This is where third-party password manager apps come in. These apps offer the same high level of security, and most will offer features over and above those that you are used to from iCloud Keychain. So, even if you do spend all your time on Apple devices, a third-party password manager is still worth looking at. Here are a few of the best password managers that are worth taking a looking at:

  • LastPass
  • Dashlane
  • 1Password
  • Roboform
  • Keeper
  • Enpass

When you use one of these password managers on your iPhone or iPad, you create a strong and unique master password. This password is the key to accessing your password vault, so don't use it anywhere else. Remember, make it strong and unique. The master password is really important. In fact, it's so important that the majority of these password manager services have no easy way of resetting it because they don't know what it is and have no access to it. On the bright side, this is essentially the last password you will ever need to remember.

Using Third-Party Password Managers on iOS

Once your password manager app is installed, you need to tell iOS that you want to use this as your default password manager. This is just a quick trip to Settings > Passwords and Accounts > Autofill Passwords, and then tap the name of the app you installed. If you don't see your app listed, turn on Autofill Passwords and then tap the name of your password manager.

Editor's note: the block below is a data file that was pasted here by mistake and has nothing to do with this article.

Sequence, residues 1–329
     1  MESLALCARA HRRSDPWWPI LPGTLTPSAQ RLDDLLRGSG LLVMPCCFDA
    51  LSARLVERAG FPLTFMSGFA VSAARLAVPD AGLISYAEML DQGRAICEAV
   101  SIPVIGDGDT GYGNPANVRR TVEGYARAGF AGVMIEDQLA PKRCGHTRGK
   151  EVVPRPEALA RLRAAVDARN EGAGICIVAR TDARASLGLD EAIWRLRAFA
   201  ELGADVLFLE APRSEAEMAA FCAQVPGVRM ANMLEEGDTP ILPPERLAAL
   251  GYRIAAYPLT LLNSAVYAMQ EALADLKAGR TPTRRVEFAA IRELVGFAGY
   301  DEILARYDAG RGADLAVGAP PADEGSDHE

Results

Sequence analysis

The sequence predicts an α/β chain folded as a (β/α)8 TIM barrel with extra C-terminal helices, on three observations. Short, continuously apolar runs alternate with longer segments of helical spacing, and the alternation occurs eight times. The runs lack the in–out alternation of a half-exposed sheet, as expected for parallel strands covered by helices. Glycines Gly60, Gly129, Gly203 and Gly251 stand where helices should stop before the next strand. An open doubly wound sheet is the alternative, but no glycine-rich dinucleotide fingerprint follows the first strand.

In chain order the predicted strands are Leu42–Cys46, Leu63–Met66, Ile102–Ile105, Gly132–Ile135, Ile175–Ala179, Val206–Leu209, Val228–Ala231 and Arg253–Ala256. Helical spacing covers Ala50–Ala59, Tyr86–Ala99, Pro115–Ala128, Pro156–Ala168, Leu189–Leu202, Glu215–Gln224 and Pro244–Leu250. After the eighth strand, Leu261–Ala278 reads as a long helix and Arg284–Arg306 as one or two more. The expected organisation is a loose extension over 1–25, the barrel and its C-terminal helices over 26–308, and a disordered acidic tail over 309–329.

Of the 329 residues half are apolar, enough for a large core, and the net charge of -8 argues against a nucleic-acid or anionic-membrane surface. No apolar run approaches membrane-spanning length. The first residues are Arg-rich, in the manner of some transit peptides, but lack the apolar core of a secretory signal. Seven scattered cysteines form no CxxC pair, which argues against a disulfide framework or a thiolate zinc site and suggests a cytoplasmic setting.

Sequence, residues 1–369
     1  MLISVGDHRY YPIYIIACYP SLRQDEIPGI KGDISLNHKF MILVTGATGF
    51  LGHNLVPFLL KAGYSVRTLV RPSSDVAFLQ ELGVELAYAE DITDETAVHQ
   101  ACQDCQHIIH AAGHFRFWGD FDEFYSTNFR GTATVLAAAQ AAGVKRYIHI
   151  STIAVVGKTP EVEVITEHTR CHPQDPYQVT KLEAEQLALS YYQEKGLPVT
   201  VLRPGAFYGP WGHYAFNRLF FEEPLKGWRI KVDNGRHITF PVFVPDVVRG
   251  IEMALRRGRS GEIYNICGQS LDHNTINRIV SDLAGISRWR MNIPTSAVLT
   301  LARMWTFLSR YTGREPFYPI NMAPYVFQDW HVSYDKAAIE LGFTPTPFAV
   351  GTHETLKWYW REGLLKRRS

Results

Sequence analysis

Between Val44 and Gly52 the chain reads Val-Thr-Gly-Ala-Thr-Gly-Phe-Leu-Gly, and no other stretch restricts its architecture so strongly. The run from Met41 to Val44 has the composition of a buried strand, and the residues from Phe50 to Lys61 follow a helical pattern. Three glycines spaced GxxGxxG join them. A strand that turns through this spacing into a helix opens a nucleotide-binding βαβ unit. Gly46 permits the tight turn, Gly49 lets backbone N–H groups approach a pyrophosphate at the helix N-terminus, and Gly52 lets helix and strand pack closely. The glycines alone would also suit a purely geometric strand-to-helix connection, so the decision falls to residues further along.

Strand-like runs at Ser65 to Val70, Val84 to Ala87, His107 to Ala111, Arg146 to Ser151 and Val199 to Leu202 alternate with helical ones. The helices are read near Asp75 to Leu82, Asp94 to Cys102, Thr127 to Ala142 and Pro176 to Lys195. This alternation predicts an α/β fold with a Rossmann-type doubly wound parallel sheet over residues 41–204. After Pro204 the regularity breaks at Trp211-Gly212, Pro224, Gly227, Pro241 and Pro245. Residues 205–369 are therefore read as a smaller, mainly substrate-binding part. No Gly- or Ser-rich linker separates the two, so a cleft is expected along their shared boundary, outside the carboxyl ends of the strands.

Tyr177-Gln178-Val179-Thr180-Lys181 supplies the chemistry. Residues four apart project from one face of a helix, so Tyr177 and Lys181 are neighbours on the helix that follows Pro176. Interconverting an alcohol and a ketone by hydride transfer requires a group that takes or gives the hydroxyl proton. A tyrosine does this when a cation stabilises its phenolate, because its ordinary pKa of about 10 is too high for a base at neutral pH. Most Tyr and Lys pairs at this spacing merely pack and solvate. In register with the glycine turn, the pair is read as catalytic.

After that, it's a pretty straightforward process. Thanks to an update that Apple included in iOS 12, using a third-party password manager is actually very similar to the way you use Apple's own Keychain. When you want to fill a password that is already saved in your vault, you tap in the username box, then tap Passwords at the top of the onscreen keyboard. This will prompt you to authenticate with your password manager and choose the credentials you need.

If you want to sign up for a new app or website, tap login, and then tap Passwords at the top of the onscreen keyboard. This should open your password manager of choice and give you the option to add your username and generate a strong, unique password.

An Introduction to 1Password

One Password to Rule Them All

Password management can be an onerous task, but it doesn't need to be. Password managers for iPhone and iPad are here to take the hassle out of online authentication and they do it in a secure and efficient way. So, if you haven't switched to a password manager yet, now is the time to give it a try, and if you have questions, feel free to let me know.

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This article is accurate and true to the best of the author’s knowledge. Content is for informational or entertainment purposes only and does not substitute for personal counsel or professional advice in business, financial, legal, or technical matters.

© 2019 Jonathan Wylie